With time, saying no and asking for help (revisit tip number two, if necessary) can help you carve out more time within your day and, hopefully, relieve some of the pressure and overwhelm you feel. Here are some easy ways to start incorporating no into your vocabulary:
- I’ve taken on too much, and I can’t handle any more right now.
- Unfortunately, I can’t commit to that at the moment.
- Thanks for thinking of me, but it’s a no right now.
4. Make Adjustments on the Fly
When your schedule is jam-packed, you’re probably used to making last-minute changes and adjusting to how you spend your time. Try to approach your self-care routine with the same mindset to ensure that you can still care for your needs and handle what’s on your list.
Allow yourself to find flexibility within your self-care to not fall into the all-or-nothing mindset trap mentioned above. The more flexible you are, the higher your chances of creating some sort of self-care throughout the day, hopefully paired with fewer feelings of guilt and overwhelm. Do your best to be prepared for self-care when the opportunity presents itself (have a protein bar, a water bottle, or your supplements on hand) and be open to what you might learn or discover when you veer from your original “plan.”
5. Let Go of the ‘To-Do List’ Mindset
The moment that self-care becomes an item to cross off of your to-do list is the moment that you’ve lost touch with what it means to self-care. When you add self-care to your list of tasks to accomplish for your day, you’ll instantly feel more overwhelmed and won’t reap the profound benefits that self-care can provide.
Instead, work on approaching self-care as non-negotiable and something that you will aim to practice daily—no matter how big or small—to help support your overall health and wellness.
Supportive Self-Care Ideas When You’re Short on Time
If you’re ready to create self-care during your busiest days, keep the above tips in mind to feel more grounded and confident in your practice. Then, select a few of the below self-care ideas to get started on crafting your short-on-time self-care routine.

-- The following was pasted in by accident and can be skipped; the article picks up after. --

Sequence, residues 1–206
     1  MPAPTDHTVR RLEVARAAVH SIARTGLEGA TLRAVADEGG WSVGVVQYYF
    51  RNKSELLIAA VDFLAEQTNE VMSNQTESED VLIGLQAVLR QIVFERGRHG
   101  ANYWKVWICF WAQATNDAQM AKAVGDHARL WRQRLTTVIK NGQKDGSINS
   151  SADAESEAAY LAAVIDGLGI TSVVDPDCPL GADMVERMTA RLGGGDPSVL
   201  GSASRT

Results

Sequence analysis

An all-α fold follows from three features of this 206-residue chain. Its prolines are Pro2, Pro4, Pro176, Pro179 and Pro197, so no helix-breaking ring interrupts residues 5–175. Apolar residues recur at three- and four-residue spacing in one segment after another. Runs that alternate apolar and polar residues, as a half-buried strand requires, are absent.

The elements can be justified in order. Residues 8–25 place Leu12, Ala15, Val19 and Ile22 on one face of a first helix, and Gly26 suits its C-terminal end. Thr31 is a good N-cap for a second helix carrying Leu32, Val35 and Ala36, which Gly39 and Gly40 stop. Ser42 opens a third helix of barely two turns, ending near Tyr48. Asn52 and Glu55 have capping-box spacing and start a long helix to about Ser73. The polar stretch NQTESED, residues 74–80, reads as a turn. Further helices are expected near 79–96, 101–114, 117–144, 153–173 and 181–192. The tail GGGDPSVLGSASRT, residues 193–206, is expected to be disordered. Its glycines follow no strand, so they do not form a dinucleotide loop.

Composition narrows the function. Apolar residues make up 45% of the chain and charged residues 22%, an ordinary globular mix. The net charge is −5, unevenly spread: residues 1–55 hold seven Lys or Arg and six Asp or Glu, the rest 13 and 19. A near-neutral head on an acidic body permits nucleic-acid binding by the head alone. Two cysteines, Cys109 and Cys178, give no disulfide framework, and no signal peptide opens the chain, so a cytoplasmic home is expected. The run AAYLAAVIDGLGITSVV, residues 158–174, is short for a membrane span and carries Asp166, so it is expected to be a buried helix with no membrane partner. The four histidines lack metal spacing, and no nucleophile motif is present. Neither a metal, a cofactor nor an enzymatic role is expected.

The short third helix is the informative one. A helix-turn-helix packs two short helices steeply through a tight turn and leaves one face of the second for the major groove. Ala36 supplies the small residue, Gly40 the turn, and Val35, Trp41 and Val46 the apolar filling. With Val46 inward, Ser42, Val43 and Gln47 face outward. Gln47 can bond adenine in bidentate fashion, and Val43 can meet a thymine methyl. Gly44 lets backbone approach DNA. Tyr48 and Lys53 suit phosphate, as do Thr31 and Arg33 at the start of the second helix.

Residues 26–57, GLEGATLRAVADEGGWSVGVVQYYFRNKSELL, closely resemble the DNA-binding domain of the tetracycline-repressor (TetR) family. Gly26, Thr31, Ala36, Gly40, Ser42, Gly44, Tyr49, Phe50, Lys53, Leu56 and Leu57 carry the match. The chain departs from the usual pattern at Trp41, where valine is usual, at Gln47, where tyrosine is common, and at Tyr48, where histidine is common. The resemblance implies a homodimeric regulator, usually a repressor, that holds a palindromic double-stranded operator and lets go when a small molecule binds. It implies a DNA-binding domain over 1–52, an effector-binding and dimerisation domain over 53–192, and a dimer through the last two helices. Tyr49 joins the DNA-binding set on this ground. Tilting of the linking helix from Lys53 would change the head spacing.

Notice how you can complete many of these within five minutes or less.
- Take a few deep belly breaths
- Tongue scrape morning and night
- Make your bed every morning
- Complete a few simple stretches
- Take a high-quality multivitamin daily
- Drink plenty of water
- Ask for support in something
- Speak up and say no
- Use a sheet mask while getting ready for the morning
- Eat lunch away from your desk
Once you’ve gotten comfortable practicing some of these small self-care acts, begin to think of what you can do to create an even more intentional self-care practice. Consider what you need the most right now and what actually sounds supportive if time wasn’t a consideration. Then, do your best to make those things happen.
Self-Care is Non-Negotiable So Don’t Feel Guilty
When you’re a busy person, sometimes feelings of guilt and overwhelm can feel common. I cannot stress enough that any level of self-care is better than no self-care at all. So, if you find yourself squeezing in a quick walk outside while on a phone call or slapping on a face mask while putting the kids down, know that’s perfectly fine. What’s important is that you’re tuning into your needs and acknowledging they exist, rather than pushing them away until it’s all too much to handle.
If you find yourself doing only the quick-fix self-care moments, try your best to balance them with a more profound, more supportive practice when you have time. This way, you’ll ensure that you can better care for yourself and those you love most because you’ll meet your needs in many different ways.
Keep in mind that the more profound self-care practices might require you to ask for help or let go of some tasks currently on your plate. That doesn’t mean that you are not worth it or the acts are too grand or time-consuming. Speak up and ask for support, delegate tasks as appropriate, and try to come back to the mindset that self-care is a baseline requirement for health and happiness, not a luxury.
No matter how busy you find yourself, remember that your self-care is non-negotiable. Remember, one can never pour from an empty cup, so use self-care practices—big and small—to refill your cup before pouring it out into others. Your mental, physical, and emotional health are extremely important, and self-care can help.